Ultimately what I found so deeply appealing of these works is that Gizzi is not trying to know, not trying even to understand. His poetry, by a sort of reserved observation, therefore creates a simplicity of impact, and the reader feels it with poetic intimacy. The doleful beauty of it all– this life, its song, its journey, “just a little green untitled,” we are more than all that we see–there is goodness here.

Lines Depicting Simple Happiness

The shine on her buckle took precedence in sun
Her shine, I should say, could take me anywhere
It feels right to be up this close in tight wind
It feels right to notice all the shiny things about you
About you there is nothing I wouldn’t want to know
With you nothing is simple yet nothing is simpler
About you many good things come into relation
I think of proofs and grammar, vowel sounds, like
A is for knee socks, E for panties
I is for buttondown, O the blouse you wear
U is for hair clip, and Y your tight skirt
The music picks up again, I am the man I hope to be
The bright air hangs freely near your newly cut hair
It is so easy now to see gravity at work in your face
Easy to understand time, that dark process
To accept it as a beautiful process, your face

 

* Title from “Periplum” pg. 182 Totsein Ist Gut In Amerika
** “just a little green untitled” from “Fin Amor” Totsein ist Gut in Amerika pg.148

Mad Girl’s Love Song

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I shut my eyes and all the world drops dead;
I lift my lids and all is born again.
(I think I made you up inside my head.)

The stars go waltzing out in blue and red,
And arbitrary blackness gallops in:
I shut my eyes and all the world drops dead.

I dreamed that you bewitched me into bed
And sung me moon-struck, kissed me quite insane.
(I think I made you up inside my head.)

God topples from the sky, hell’s fires fade:
Exit seraphim and Satan’s men:
I shut my eyes and all the world drops dead.

I fancied you’d return the way you said,
But I grow old and I forget your name.
(I think I made you up inside my head.)

I should have loved a thunderbird instead;
At least when spring comes they roar back again.
I shut my eyes and all the world drops dead.
(I think I made you up inside my head.)

– Sylvia Plath

 

Quiddity of the False Azure

All colors made me happy: even gray. — Vladimir Nabokov, Pale Fire (line 29)

The weaker the organ the longer the impression of the image lasts. — Johann Wolfgang von Goethe, Theory of Colours (pg 51, section 121. )

Scan 13My recent inquiries into perception made me curious to know the oft-cited primary text of Goethe’s Theory of Colours. It is an interesting read, particularly as the content has been thoroughly disapproved making the reading of it a philosophical or poetical exercise more than a scientific one.

Time means succession, and succession, change:
Hence timelessness is bound to disarrange
Schedules of sentiment…
 —Pale Fire (lines 567-569)

Thus inspiration already presupposes expiration; thus every systole its diastole. —Theory of Colour (15, section 38.)

The beautiful fiction in the non-fiction that is twisted inadvertently by Goethe is  conversely, in Pale Fire, “written” by John Shade in four cantos, and yet, similarly, bent. Nabokov elegantly distorts fiction and non-fiction and intentionally plays a stark psychology off the poetical and philosophical posit. The ruse of John Shade is elaborate…what is the purpose? It seems to me that by creating, for example through the officialness of the “About the Author” page followed by “Other Books by the Author,” a Nabokovian mocking of the surety of our perception of truth gains a profoundly moving and tender, if tremulous, capital T Truth.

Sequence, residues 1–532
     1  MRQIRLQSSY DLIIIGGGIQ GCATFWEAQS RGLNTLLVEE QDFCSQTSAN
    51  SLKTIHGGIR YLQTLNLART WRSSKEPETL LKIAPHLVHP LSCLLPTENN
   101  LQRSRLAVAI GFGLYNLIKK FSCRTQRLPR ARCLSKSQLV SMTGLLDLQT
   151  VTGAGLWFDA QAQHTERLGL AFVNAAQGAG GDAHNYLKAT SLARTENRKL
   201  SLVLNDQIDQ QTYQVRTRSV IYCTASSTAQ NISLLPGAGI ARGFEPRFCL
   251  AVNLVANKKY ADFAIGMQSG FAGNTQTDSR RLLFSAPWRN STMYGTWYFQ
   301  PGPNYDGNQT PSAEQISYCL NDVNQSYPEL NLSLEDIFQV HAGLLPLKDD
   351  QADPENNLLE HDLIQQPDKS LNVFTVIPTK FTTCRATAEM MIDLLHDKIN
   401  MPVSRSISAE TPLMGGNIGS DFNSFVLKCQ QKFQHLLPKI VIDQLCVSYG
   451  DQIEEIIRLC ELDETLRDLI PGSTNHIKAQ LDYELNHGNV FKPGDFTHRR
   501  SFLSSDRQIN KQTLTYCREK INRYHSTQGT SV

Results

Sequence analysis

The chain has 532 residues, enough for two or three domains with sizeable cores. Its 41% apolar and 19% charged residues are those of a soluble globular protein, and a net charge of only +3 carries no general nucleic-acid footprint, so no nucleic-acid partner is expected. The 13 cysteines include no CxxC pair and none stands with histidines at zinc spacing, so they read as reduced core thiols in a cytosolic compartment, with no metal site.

Life Everlasting-based on a misprint!
I mused as I drove homeward: take the hint,
And stop investigating my abyss?
But all at once it dawned on me that
this
Was the real point, the counterpuntal theme;
Just this: not text, but texture; not dream
But topsy-turvical coincidence,
Not flimsy nonsense, but a web of sense.
Yes! It sufficed that I in life could find
Some kind of link-and-bobolink, some kind
Of correlated pattern in the game,
Plexed artistry, and something of the same
Pleasure in it as they who played it found.
 —Pale Fire (lines 803-815)

If Goethe is correct that the longer an impression lasts, the weaker the organ, than I must have a very weak heart. In Pale Fire (particularly the Ginko Press edition I experienced— because it was more than something to be merely read) a persistent ache of a melancholy color bleeds and stains, and yet, and yet… there is a rising blush of “Faint hope.”

*Theory of Colours  translated from the German with notes by Charles Lock Eastlake

**Title from opening stanza of Pale Fire –
I was the shadow of the waxwing slain
By the false azure in the windowpane

*** “Faint Hope.” final sentence of Pale Fire

Up Bacchus, undiluted.

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I suppose I shouldn’t be surprised that ancient Rome was so louche. Latin has a lofty air of the regal, but when it wants to it can be as vulgar, and better, than the rest – at least if the The Poems of Catullus translated by Charles Martin are any indication. Catullus leaves one a little breathless, laughing, with eyebrows raised saying,  Oh my my my. Really!? Why I never! 

43
Greetings to you, girl of the nose not tiny
the feet not pretty, eyes not darkly-shadowed,
stubby fat fingers, mouth forever spraying
language that shows us your lack of refinement,
whore of that bankrupt wastrel from Formiae!
Is it your beauty they praise in the province?